Trickery and Familiarity Can Bring Clients to Heel
Would you rather be nagged into good behavior or tricked into it?
Most people would rather be tricked, says Kol Birke, an executive of Commonwealth Financial Network. In the context of providing financial advice, however, tricking people outright is a definite no-no, he adds.
“Advisors have a moral responsibility to do what’s best for their clients,” he says. And most FAs strive to balance positive results with the means by which they’re accomplished, he says.
“Advisors tell me they sleep at night when they help clients achieve their goals” but they’re not willing to sacrifice their integrity – by using outright falsehoods or misleading clients – to do so, says Birke.
When it comes to using trickery to help clients, what advisors get up to is pretty benign anyway, he says, with the ultimate goal to help clients fight against primitive instincts that, if followed, would lead them to financial ruin.
For instance, Birke says he’s heard of advisors using the behavioral finance foible of anchoring bias — the tendency to fixate on previous, perhaps outdated information when making an investment decision — to the client’s benefit.
While anchoring can cloud investors’ views of outcomes by getting them hung up on short-term benchmark comparisons instead of real-life outcomes, it can also get clients to be more patient. For instance, pointing out that most of an FA’s other clients defer Social Security payments until they’re 70 — when payments are higher — can help a particular client resist the temptation to take less sooner, says Birke.
The Commonwealth executive adds that other advisors urge their clients to make “Ulysses” pacts — named for the Greek hero who resisted the sirens’ call to doom. In this scenario, a client might agree to forego a luxury item until other goals are met or certain tasks, like getting a will and testament squared away, are seen to.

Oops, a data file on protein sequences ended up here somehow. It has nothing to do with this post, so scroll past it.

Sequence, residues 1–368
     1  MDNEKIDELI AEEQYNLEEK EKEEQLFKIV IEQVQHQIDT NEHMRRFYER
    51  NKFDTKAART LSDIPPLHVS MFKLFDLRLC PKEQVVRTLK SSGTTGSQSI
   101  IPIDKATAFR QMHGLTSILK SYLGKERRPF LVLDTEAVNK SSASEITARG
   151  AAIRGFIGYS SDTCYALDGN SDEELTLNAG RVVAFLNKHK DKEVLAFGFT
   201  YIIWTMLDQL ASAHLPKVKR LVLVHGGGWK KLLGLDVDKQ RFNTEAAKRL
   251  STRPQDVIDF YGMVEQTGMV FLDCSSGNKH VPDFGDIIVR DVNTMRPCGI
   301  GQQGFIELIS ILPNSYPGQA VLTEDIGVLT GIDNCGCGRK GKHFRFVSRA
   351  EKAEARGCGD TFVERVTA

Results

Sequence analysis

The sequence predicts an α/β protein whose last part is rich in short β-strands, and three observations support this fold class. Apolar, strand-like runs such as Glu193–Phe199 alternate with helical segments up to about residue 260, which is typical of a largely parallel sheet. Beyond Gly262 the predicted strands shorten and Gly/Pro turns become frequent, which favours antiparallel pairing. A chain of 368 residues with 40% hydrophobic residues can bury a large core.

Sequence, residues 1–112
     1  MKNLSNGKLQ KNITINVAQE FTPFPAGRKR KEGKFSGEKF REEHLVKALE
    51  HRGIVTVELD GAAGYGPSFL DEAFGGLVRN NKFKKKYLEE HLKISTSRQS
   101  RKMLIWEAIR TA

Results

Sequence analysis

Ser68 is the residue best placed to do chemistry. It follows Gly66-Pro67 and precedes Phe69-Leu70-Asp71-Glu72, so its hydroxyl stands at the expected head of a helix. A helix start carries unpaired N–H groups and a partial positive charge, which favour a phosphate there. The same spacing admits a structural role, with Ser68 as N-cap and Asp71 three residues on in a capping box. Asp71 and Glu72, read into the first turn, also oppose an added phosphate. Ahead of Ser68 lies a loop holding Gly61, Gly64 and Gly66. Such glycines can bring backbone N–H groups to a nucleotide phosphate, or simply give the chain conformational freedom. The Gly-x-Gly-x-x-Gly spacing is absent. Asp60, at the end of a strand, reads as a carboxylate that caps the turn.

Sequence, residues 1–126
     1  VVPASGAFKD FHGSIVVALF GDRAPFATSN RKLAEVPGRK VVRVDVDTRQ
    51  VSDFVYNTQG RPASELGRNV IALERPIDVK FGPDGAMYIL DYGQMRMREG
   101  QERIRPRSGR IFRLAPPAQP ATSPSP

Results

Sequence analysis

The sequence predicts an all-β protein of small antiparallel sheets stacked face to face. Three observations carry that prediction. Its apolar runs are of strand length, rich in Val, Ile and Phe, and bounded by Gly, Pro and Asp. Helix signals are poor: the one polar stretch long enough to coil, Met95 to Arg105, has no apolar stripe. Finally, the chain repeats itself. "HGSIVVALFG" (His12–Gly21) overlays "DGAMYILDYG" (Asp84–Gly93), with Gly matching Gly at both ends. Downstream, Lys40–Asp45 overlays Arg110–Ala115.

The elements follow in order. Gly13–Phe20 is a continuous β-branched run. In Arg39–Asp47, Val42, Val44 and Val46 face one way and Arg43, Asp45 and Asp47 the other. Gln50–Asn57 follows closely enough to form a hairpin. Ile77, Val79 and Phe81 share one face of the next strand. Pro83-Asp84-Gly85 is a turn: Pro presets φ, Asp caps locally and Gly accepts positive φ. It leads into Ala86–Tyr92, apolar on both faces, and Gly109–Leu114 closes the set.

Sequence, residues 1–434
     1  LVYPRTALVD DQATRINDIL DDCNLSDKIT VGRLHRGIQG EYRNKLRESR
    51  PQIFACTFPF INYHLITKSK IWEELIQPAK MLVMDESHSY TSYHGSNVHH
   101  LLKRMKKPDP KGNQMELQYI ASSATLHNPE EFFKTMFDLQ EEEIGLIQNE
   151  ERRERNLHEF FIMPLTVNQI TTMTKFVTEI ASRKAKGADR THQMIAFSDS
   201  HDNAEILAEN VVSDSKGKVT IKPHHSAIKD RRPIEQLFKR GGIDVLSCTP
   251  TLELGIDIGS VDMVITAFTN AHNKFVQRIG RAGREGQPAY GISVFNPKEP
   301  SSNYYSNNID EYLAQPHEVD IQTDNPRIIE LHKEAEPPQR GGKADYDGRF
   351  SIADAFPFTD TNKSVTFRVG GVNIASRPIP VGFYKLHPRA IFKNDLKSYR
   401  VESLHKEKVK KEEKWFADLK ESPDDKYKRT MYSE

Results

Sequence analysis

That type of advisor behavior is fine as long as it’s not manipulative, says Rick Kahler of Kahler Financial Group in Rapid City, S.D.
In fact, Kahler says it’s best to stay aboveboard with clients at all times. This means probing clients’ behavioral finance foibles and calling them on transgressions — acting on an innate distrust of markets or refusing to see occasional losses for what they are — as they crop up without resorting to subterfuge.
And like Birke, Kahler — who manages about $200 million — says this process is helped along by knowing clients very well. In such cases, a well-timed eye roll can be as persuasive as a stack of charts.
Michael Pompian is an investment consultant with Conway/Sunpointe near St. Louis who advises family offices, ultra-wealthy individuals and family foundations. He also writes extensively about behavioral finance.
In helping clients overcome behavioral foibles, he says it’s useful to understand “behavioral investor types” — a process that starts with determining whether a client wants to take an active or passive role and then how tolerant they are of risk. From there Pompian takes clients through questions designed to determine their investor types — such as “followers,” “preservers,” and “accumulators,” among others.
The point is to facilitate appropriate discussions. For instance, some personality types relish frank discussions along the lines of, “Hey, your bias is handicapping you right now,” while others call for FAs “to address things without really addressing.”
So if mental accounting leads a client to stockpile cash that could be put to better use elsewhere, it might be well to say something like, “Look at all the cash here,” says Pompian. “That’s interesting. Maybe we should examine that together.”
Adds Pompian: “The fact is, some approaches work better with some clients than with others — and some clients want intimate relationships with their advisors and some don’t. You have to use your judgment.”